A few weeks ago, when the late winter temperature climbed to a breezy sixty, a post appeared on my Facebook feed. Traffic had stopped for a pair of beavers who were casually crossing a major street, heading towards the mill pond, just a block from our little downtown. This makes me smile.
A few years ago, I scoffed at a news story about a kayaker being attacked by a beaver. Seriously? Couldn’t the guy just slap his paddle on the water to frighten it? We often see them on the river up north, and their industry and hard work is evidenced by the sticks and logs felled by their gnawing. But I gained some new respect for their size last summer as we watched one swim past the pontoon, glide towards the shore, and climb from the water. It was huge—like a good-sized Labrador Retriever. It glared at us and began snacking on the reeds in the sand. Suddenly, I was glad I wasn’t in a kayak near this incredible hulk!
According to the National Geographic’s website, beaver colonies are present in nearly all areas of the country, mate for life, and can weigh sixty pounds. Beaver parents produce two to four kits annually and nurture them for two years. And my favorite fun fact: the early Native Americans described them as “playful and affable.” How lovely: good natured beavers.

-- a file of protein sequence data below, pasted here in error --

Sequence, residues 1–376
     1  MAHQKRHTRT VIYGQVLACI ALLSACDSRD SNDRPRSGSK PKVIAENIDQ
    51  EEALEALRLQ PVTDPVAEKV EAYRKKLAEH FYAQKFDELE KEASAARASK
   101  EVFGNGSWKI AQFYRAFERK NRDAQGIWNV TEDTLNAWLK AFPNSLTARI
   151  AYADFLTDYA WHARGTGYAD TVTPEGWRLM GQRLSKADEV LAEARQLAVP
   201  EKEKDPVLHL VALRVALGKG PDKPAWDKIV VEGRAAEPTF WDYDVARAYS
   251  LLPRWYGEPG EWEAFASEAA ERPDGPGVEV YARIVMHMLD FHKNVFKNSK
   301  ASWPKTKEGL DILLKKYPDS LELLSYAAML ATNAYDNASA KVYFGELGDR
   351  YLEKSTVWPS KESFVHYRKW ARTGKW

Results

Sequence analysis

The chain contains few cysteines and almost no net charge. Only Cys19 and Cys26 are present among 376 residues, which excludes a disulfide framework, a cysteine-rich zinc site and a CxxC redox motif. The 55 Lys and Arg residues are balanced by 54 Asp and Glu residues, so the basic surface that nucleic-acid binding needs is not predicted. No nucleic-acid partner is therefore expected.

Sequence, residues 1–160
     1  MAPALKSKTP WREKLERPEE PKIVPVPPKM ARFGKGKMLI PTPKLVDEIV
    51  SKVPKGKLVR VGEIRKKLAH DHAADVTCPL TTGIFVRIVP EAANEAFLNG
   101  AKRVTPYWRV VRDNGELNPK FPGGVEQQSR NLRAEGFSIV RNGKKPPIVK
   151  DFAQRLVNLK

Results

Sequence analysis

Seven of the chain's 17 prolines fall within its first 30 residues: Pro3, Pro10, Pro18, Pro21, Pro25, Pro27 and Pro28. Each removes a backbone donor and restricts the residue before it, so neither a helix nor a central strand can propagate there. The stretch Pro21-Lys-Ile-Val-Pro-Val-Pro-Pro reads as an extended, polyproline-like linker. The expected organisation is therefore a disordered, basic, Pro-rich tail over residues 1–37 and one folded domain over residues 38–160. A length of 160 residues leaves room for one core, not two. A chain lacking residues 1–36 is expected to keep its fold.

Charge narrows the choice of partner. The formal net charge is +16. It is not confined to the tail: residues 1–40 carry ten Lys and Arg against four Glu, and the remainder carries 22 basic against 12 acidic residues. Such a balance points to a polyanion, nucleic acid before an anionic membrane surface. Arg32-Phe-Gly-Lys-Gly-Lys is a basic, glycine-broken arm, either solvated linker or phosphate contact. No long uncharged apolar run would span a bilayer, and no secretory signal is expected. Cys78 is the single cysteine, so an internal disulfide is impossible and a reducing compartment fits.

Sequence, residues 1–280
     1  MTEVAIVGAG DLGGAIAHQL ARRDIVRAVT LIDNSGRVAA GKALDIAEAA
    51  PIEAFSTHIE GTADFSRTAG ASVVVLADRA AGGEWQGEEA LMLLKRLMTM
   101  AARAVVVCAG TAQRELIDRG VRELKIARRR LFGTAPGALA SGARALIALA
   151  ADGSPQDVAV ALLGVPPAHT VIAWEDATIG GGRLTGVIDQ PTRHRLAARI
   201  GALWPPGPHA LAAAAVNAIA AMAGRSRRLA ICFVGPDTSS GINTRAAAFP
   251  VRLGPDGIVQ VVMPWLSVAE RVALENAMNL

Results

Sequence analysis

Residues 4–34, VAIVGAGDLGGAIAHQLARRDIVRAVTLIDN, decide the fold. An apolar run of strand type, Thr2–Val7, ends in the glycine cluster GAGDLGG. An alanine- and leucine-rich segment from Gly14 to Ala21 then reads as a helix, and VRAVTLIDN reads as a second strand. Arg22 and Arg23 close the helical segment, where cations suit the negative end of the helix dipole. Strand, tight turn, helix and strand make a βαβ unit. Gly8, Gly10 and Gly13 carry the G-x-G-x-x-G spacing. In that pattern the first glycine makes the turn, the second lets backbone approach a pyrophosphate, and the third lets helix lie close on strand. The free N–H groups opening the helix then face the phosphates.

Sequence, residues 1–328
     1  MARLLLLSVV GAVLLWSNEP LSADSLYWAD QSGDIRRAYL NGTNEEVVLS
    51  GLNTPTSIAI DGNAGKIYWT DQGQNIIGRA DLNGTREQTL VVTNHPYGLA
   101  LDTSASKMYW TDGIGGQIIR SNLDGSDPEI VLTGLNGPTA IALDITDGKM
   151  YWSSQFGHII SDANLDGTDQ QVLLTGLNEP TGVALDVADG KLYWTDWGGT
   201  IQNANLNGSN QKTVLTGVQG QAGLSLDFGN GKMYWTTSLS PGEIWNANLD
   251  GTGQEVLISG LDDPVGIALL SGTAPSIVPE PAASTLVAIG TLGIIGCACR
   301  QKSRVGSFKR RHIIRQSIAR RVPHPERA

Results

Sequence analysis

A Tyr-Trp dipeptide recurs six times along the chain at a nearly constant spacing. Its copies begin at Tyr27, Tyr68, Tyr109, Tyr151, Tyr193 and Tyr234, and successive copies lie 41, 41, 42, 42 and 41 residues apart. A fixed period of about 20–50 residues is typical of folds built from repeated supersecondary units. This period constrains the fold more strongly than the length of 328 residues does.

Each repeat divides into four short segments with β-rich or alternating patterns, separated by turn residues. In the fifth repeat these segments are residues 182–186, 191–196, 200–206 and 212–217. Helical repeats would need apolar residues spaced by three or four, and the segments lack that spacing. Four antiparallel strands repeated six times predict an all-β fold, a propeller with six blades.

The Wonderful World of Disney, appearing every Sunday night of our childhood, occasionally featured engaging documentaries of animal life: black bears, racoons, and wolves entertained and educated us. We watched a fascinating hour about beavers, complete with underwater shots of the tunnels into their lodge, the sounds of their communication, and the images of their family life within the twiggy mound
I have never seen one around the village, but perhaps I’ve never really looked. Is this current couple leaving the damp and darkness of their winter lodge to begin early construction on their summer place? More likely they are newlyweds, fresh from honeymooning in their parents’ adjoining apartment, ready to setup housekeeping. Are they eager to greet their first brood of young? Do they study chapters of their parenting books? How to sooth a fussy kit. How to encourage bark sharing. How to introduce fibrous food. And I can just imagine the young pair sending their first brood off to their neighborhood school to attend classes so important for their survival. With only two years to adulthood and independence, their coursework would be intense: alarm sounding and the proper slap of the tail; establishing life-long tooth care and sharpening; lodge and dam design and maintenance.
I’ve been watching for the duo on my many drives around the village and lake. I suspect they have settled comfortably in the wetlands near the mill project. Perhaps they are enjoying some fresh air and early spring sun as their young splash and dive around their new home place.
I wish them well.
It’s a Fine Life
by Kathleen Oswalt-Forsythe ©March 20, 2020